Refusal of protection
Provisional refusal under the Protocol is similar to a first adverse report in an Australian application.
Refusals of protection:
- must be notified within 12 months or within 18 months from when the International Bureau (IB) notifies the contracting party that it has been designated. Each designated country must process the international registration in accordance with its trade marks legislation.
- must be based on grounds existing under the national law of the designated country
- must be permissible under the Paris Convention.
- If there is a problem with the international registration in any designated country, that country will notify the International Bureau (IB) of refusal within 12 months or within 18 months from when the IB notified that country of the designation.
Each designated country must process the international registration in accordance with its trade marks legislation.
Why an international registration might be cancelled
The international registration is dependent on the basic trade mark for five years from the date on which the International Application was filed. The office of origin must monitor the basic trade mark during that period and notify the International Bureau if it ceases to exist, either in part or in full.
They must also inform the International Bureau:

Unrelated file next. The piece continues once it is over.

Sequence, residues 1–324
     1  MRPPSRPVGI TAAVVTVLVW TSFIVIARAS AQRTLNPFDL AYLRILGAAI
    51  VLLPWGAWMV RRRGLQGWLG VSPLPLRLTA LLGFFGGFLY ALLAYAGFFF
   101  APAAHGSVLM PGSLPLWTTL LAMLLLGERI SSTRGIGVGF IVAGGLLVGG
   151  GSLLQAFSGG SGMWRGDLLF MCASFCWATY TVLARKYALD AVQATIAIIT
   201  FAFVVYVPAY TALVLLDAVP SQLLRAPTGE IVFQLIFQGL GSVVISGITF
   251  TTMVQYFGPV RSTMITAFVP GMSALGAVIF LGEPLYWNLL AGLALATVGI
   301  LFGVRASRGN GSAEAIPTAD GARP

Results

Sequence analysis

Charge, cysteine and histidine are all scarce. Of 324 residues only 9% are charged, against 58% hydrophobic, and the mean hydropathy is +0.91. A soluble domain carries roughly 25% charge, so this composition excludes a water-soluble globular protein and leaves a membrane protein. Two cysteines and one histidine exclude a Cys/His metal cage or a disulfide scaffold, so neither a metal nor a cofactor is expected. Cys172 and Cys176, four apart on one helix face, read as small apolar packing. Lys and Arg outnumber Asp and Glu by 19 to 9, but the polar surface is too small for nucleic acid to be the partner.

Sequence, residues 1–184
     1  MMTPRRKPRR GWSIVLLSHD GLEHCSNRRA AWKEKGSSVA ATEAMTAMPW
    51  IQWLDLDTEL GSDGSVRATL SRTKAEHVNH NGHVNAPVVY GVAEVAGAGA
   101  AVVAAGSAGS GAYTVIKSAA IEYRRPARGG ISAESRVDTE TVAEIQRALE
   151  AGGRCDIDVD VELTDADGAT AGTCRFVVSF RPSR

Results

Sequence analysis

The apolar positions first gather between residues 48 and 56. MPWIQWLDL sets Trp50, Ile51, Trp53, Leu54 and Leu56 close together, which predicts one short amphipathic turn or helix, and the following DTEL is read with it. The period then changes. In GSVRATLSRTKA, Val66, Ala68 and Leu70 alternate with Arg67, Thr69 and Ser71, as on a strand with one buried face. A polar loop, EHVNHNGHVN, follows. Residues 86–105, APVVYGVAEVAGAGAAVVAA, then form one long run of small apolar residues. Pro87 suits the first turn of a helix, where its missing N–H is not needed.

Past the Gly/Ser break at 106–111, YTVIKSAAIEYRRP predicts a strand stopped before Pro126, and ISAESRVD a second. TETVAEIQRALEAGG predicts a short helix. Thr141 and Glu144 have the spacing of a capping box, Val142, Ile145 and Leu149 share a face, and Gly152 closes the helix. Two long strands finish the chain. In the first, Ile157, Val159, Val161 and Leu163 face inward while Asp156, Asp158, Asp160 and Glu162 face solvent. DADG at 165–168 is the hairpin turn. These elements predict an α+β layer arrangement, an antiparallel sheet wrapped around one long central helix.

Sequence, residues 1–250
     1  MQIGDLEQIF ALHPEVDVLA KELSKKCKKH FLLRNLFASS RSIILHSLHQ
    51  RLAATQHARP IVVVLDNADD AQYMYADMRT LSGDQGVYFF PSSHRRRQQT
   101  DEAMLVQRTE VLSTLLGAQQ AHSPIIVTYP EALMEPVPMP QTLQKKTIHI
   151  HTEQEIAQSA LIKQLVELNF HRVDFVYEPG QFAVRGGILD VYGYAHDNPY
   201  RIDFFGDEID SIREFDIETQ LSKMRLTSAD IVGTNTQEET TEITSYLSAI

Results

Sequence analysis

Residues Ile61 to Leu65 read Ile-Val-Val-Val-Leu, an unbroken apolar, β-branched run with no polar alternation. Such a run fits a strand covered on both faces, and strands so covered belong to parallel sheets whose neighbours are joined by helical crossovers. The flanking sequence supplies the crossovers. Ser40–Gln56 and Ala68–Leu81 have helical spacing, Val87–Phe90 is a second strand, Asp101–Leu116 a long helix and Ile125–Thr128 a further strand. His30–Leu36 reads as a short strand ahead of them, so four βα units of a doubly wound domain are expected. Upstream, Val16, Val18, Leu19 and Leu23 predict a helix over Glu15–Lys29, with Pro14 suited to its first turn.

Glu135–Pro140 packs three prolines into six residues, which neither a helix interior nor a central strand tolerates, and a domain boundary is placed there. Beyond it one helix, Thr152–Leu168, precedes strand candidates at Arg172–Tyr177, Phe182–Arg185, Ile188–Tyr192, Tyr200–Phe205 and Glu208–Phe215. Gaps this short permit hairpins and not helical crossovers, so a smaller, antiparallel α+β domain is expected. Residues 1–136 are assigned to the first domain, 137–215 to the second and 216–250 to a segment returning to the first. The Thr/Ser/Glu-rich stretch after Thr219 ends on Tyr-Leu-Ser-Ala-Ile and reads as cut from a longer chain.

- the number of the international registration
- the name of the holder
- the facts and decision affecting the basic trade mark
- whether only some of the goods and/or services are involved
- if and when (within the five-year period) any proceedings begin, which may result in a ceasing of protection
- the outcome of any proceedings.
A basic application may:
- be refused or withdrawn
- become registered for a narrower range of goods and/or services than originally applied for
- be removed because it was not renewed
- be removed because of a non-use action
- be cancelled or expunged by order of a court.
If any of these occur within the five-year period the international registration is cancelled when the office of origin notifies the International Bureau.
The IB records the notification and cancels the international registration 'to the extent applicable'. The International Bureau also notifies the holder and all designated countries of the cancellation. That notification includes the date on which the international registration was cancelled and the goods and/or services affected by the cancellation.
Note: The international registration is also cancelled after the end of the five-year period if the relevant proceedings, for example non-use or court action, commenced before the end of the five-year period.
Transforming a cancelled international registration
Within three months from the date of the cancellation, the holder of the cancelled international registration can apply for a national application in any or all of the designated countries.
The national application must be for the same trade mark and goods and/or services covered by the cancelled international registration. Any national fees must be paid and the application must comply with the laws of each designated country.
If the transformation application is made within the three-month period, the national application will have the filing date of the international registration and any convention priority that was relevant for that designation.
Last Updated: 06/12/2012